WaaS Competitive Fight Comes to Head in ChannelBy Michael Vizard | Print
Desktop-as-a-Service Designed for Any Cloud ? Nutanix Frame
ANALYSIS: No matter how the battle in the workspace-as-a-service arena plays out, there is a wealth of WaaS options. The channel needs to figure out how to add value.
There's never been much love lost between telecommunications carriers and traditional channel resellers. Large swaths of the channel always felt that carriers were abusing their ability to buy network equipment in bulk and then resell a portion of it to corporate customers at price points that undercut resellers.
Now, conflict between carriers and resellers that are evolving into managed service providers is opening on a new front. Many MSPs are trying to leverage their positions as resellers of desktop PCs to provide managed services to the client. But those moves come at the same time that many IT organizations have been embracing mobile computing devices, most of which are acquired via multi-year contracts involving carriers.
Now both segments of the channel are aiming to deliver workspace-as-a-service offerings via the cloud to expand their reach. Transparency Market Research forecasts that the WaaS market will be valued at $18.37 billion in 2022.
Max Pruger, chief sales officer for CloudJumper, a provider of a WaaS platform, said the channel is not paying enough attention to the competitive threat posed by carriers.
"WaaS is becoming a lot easier for telcos to sell," Pruger said. "We may be looking at the beginning of a channel eclipse."
For carriers, WaaS represents a new opportunity to expand their business well beyond core networking services.
"Telcos are always looking for ways to bundle non-core services," said Gartner analyst Mike Dorosh. "Their primary interest is in anything that can drag along core voice and network services."
Carrier presence in the market leaves solution providers with three basic choices: become an agent that resells the carrier WaaS offering, resell a cloud service or attempt to build their own, Dorosh said.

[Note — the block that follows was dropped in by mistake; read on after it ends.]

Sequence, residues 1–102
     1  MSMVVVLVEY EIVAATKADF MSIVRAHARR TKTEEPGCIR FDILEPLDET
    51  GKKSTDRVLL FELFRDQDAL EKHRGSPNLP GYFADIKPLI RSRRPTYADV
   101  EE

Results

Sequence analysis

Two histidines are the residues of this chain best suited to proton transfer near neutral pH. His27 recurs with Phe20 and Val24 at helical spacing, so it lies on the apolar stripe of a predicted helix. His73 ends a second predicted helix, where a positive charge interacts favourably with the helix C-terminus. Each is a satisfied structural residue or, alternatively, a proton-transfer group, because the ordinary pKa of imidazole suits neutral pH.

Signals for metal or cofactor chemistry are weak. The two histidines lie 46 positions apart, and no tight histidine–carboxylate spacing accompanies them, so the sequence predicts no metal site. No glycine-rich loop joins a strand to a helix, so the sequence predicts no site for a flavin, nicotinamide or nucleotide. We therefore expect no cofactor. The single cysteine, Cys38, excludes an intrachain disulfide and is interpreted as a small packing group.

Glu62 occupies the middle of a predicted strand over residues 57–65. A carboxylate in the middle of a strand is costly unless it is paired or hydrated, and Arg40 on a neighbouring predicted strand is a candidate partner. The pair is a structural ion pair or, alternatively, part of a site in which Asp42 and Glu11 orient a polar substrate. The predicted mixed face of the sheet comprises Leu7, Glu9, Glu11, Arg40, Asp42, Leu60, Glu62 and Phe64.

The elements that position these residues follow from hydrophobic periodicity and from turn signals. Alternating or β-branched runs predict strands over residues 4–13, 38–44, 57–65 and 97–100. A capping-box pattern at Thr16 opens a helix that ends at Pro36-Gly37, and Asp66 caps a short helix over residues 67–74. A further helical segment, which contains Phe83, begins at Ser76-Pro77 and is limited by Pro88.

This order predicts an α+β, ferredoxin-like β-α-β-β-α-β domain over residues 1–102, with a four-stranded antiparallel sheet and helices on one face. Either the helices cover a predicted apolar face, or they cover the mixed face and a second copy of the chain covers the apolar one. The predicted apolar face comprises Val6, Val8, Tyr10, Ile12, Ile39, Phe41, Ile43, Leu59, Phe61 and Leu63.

"They can become an arms dealer, an arms broker or go it alone," he said.
Most distributors view WaaS as a major opportunity. However, because they carry offerings from both carriers and cloud service providers, they are, as a rule, assiduously neutral in terms of backing one approach versus another.
At the same time, Daniel Saks, president and co-CEO of AppDirect, said there are still too many traditional solution providers that are afraid to cannibalize their own existing reseller business, which in turn leaves the door open for rivals.
"The end customer is getting tired of having to make the up-front investment in software and gear as well as all the people they need to hire to manage it," said Saks.
No matter how the battle ultimately plays out the good news for solution providers is that there is no shortage of WaaS options. The real issue now is figuring out how to adjust their business models to accommodate selling WaaS offerings in a way that allows them to add a lot more value than simply reselling, for example, Microsoft Office 365 as a cloud service.
Mike Vizard has covered IT for more than 25 years, and has edited or contributed to a number of tech publications, including InfoWorld, CRN and eWEEK. He currently blogs daily for IT Business Edge and contributes to CIOinsight, Channel Insider and Baseline.